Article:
“The good news is that we were successful in delivering the biocide at this huge level for a 1,000-foot laker, then successfully delivered the neutralizer, all while the Indiana Harbor was on the job,” Phyllis Green, superintendent of Isle Royale National Park and the instigator behind the effort, told the News Tribune.

The Tribune reports that research into the real-world test is ongoing. Water samples from the ballast tanks will show whether the lye killed organisms "and whether the treated water was then successfully neutralized to prevent environmental harm."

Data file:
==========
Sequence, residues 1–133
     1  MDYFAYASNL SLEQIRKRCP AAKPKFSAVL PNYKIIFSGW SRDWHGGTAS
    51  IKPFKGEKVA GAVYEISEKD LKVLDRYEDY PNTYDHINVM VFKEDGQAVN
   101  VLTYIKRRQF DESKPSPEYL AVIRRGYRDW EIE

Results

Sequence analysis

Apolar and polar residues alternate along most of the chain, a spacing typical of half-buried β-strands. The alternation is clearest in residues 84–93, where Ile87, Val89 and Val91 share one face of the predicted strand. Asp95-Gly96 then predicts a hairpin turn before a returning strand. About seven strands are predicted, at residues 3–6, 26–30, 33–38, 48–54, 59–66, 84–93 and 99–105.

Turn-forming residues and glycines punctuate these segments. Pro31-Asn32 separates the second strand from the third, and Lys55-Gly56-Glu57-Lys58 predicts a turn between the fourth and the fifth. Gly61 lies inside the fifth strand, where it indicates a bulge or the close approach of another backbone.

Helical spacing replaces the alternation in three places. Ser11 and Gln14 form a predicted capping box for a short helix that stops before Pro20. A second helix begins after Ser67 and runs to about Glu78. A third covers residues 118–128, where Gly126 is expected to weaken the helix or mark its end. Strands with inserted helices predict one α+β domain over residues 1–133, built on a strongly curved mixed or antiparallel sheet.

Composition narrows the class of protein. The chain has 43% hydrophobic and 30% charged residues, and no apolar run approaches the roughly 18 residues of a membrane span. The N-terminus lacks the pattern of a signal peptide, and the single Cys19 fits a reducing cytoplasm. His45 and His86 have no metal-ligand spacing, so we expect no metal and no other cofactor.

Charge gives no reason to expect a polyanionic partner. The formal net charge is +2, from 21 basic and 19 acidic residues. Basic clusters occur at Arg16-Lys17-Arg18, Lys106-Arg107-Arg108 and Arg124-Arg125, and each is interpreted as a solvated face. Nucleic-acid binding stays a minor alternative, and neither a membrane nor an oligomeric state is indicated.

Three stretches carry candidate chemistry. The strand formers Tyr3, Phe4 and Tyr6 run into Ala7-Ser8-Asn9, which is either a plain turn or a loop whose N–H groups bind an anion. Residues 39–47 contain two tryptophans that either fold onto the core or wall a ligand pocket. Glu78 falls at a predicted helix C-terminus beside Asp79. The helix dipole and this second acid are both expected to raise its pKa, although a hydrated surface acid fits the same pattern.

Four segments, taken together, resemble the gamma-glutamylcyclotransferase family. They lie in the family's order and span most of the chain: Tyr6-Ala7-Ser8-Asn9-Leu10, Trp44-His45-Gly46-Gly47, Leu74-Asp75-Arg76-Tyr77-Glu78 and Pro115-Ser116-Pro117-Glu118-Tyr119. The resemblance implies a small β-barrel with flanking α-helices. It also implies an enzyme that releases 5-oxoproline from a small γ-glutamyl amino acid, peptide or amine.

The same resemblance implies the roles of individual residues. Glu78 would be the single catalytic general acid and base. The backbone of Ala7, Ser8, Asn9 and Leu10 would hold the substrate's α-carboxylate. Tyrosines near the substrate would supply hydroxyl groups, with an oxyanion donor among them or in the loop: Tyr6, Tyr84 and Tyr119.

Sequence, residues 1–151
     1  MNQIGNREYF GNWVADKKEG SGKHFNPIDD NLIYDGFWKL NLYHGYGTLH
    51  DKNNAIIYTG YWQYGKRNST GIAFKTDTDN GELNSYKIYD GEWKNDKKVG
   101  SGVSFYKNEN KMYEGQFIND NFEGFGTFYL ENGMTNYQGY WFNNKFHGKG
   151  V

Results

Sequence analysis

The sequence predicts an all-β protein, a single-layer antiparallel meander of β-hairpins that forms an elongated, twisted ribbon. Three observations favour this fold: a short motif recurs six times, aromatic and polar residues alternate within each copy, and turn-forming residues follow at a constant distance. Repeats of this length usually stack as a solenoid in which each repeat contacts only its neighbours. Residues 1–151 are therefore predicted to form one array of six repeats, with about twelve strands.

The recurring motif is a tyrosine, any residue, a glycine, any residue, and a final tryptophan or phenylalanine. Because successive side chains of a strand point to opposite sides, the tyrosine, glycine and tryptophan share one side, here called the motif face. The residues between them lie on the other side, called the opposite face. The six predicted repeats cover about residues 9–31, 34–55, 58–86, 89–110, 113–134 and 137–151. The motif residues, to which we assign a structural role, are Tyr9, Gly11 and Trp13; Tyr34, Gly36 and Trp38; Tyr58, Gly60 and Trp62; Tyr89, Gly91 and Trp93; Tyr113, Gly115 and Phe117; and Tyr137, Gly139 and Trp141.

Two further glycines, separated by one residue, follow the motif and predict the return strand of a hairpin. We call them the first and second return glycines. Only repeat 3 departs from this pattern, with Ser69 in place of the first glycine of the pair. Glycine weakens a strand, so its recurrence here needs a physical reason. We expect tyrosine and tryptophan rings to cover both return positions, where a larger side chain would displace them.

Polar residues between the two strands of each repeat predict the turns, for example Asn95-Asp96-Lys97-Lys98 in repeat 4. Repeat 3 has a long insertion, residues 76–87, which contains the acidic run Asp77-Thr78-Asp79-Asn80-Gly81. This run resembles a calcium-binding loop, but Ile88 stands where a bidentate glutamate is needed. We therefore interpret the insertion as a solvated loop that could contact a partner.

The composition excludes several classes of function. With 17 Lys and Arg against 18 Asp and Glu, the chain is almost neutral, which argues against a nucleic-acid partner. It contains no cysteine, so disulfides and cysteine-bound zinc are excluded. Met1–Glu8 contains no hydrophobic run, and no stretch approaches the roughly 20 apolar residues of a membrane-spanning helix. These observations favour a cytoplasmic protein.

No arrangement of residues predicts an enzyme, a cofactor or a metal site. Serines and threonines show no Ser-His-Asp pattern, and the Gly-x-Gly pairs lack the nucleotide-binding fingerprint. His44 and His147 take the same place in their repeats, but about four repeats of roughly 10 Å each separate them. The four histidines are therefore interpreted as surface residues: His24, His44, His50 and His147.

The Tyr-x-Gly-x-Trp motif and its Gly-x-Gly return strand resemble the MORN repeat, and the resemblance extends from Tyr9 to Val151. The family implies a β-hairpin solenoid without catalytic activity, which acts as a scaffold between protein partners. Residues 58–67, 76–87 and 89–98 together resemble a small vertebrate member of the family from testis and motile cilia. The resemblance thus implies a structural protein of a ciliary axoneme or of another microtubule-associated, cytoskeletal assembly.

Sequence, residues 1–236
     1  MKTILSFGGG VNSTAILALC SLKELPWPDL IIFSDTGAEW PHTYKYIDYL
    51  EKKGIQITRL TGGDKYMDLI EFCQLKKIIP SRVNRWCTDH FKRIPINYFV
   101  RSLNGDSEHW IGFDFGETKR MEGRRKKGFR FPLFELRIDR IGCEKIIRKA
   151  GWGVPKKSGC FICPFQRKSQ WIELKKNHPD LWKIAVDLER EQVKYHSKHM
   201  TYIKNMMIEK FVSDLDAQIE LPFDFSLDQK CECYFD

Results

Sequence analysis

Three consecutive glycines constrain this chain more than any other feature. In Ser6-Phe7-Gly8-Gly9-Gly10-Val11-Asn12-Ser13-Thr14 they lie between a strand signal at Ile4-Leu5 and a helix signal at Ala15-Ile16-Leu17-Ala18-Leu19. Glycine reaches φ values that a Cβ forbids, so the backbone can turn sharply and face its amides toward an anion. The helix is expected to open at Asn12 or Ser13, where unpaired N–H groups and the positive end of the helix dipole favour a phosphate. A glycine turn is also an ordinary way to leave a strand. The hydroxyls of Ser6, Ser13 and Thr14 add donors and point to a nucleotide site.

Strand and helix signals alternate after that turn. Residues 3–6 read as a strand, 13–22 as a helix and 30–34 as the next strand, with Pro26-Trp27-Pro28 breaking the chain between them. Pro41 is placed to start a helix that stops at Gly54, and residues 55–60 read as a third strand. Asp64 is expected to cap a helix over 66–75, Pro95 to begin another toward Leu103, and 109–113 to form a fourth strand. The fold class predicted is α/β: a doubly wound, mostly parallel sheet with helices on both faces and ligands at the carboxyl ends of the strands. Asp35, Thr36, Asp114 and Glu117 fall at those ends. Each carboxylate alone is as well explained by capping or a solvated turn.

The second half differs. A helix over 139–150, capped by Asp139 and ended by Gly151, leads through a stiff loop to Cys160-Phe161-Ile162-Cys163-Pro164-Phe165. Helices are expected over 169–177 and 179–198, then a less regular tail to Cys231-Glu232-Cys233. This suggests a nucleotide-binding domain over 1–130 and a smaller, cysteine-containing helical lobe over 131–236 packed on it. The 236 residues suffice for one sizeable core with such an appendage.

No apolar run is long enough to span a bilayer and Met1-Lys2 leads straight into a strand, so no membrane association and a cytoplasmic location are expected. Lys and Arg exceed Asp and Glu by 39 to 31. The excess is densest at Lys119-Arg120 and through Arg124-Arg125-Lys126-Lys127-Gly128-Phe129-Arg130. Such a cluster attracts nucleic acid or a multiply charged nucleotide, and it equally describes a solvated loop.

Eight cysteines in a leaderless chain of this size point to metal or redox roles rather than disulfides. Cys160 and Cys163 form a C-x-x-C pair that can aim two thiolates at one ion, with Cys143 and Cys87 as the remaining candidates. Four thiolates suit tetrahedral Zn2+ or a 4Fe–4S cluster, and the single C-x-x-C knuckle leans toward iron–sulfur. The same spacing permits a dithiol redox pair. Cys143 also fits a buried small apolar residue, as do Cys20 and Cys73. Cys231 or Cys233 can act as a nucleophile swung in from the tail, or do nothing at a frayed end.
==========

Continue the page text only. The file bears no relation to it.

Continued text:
Results of these tests should be available next month, the paper reports.

EPA Region 5

The Michigan Department of Community Health's report on the submerged oil is being called "premature" by the National Wildlife Federation.

In its report, MDCH officials declared that "contact with sediment containing submerged oil will not result in long-term health effects." Some sediments in the Kalamazoo River and Talmadge Creek became contaminated with heavy tar sands oil after the Enbridge pipeline break.

In the Kalamazoo Gazette, National Wildlife Federation Senior Scientist Doug Inkley said the agency should have done more research before making such a statement:

“It’s a premature conclusion based on incomplete results,” Inkley said. “The jury is still out.”

Inkley said his biggest concern about the study is that eight chemicals found in the submerged oil were not included in the conclusion.